Having multiple projects isn’t a bad thing – in fact, it’s a way to quickly learn valuable new skills, create additional income streams, and gain insights – but we should recognize our inner desires and apply systems to keep our main projects under control.

Basically, you can work on multiple businesses as long as you’re finishing the ones you start.


Existential Dread Over Products

I struggled, and sometimes still struggle, with existential dread about what I’m making. My work is interrupted with thoughts such as, “Is this really what I’m here for?” and “This is a waste of the little time you have left.” This can be a severe demotivator.

I now believe this is a strength.

In the tiny block of time that my parts are able to function as a coherent whole, I’ve reasoned that I should try to feel as happy as possible.

Therefore, I try to combat existential dread with states of happiness: I must perform enjoyable activities so I don’t waste the time I have left. I try to use these activities to create income, which provides me with even more freedom to chase my interests.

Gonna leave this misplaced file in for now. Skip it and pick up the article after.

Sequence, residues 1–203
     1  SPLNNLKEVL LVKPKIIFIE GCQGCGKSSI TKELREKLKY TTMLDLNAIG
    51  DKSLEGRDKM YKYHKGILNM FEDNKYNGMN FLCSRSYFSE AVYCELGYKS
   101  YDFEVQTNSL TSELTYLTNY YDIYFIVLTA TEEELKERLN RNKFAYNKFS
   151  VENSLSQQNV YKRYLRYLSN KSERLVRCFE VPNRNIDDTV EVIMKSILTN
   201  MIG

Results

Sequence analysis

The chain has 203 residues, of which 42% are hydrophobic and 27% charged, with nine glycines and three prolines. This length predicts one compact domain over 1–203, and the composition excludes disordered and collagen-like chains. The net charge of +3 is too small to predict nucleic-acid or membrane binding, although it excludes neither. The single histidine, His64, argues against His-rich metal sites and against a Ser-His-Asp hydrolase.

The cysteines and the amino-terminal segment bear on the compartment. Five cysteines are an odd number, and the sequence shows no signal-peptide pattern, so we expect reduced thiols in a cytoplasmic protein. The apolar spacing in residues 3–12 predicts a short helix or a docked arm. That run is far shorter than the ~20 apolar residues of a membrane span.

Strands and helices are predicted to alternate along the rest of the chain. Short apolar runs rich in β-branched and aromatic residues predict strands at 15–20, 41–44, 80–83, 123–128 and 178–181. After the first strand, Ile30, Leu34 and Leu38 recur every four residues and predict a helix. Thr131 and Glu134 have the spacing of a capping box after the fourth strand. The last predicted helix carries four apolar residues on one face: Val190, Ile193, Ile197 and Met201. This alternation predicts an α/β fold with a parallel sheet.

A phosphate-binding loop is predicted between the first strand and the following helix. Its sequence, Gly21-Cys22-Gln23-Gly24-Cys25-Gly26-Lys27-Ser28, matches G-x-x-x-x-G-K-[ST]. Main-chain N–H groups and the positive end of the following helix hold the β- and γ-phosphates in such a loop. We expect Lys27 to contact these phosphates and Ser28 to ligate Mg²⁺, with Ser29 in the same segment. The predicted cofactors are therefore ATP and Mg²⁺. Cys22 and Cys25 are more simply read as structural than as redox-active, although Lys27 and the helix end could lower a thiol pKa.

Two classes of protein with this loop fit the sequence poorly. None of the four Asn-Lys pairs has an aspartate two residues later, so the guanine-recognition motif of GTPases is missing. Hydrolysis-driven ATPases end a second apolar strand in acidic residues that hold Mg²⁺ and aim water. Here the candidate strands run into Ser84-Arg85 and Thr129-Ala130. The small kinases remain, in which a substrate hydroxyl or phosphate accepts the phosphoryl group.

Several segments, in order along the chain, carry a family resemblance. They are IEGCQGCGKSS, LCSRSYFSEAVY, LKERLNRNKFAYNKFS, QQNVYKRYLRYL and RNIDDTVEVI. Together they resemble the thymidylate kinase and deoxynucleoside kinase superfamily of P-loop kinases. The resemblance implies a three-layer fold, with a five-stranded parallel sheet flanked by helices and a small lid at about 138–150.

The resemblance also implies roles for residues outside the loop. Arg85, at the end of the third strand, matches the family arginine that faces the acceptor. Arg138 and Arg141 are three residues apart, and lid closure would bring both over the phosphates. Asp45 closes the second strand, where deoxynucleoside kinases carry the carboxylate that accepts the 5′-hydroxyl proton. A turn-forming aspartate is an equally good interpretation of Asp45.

The most important piece of advice I can give to you, from INTJ to INTJ, is to pick a business that excites you. Don’t read this as a motivational quote; use it as a metric for your decisions.

As an INTJ, you are much less flexible than other personality types.

You know when you hate doing something.

You know when there are alternatives.

If you’re doing something you find tedious or mundane, you’ll just stop doing it.

Many other types don’t have this problem, but INTJs do. We shut down when we hate what we’re doing. So you need to find something that you can get excited about in order to finish a project10.

Finding what excites you isn’t just recommended by me – it’s the primary advice of tried-and-true entrepreneurs such as Richard Branson, Steve Jobs (who gives a succinct argument in that video), and Paul Graham (who has definitely worked with more startups than you or I in his lifetime).

I’ve found four main ways to find what excites you:

  1. Find the recurring events in your life. The white noise of adulthood can easily drown your inner desires. Don’t be afraid to go back to your childhood and teenage years and build up from what you’ve always loved doing. Find the topics that are consistently recurring throughout your life – the project that made you jump out of bed in the morning, the plans etched in the margins of your notebooks. Can you capture that essence to make a living?
  2. Look to your future. What would you be excited to build, even if you currently know nothing about it? What have you always wanted to learn?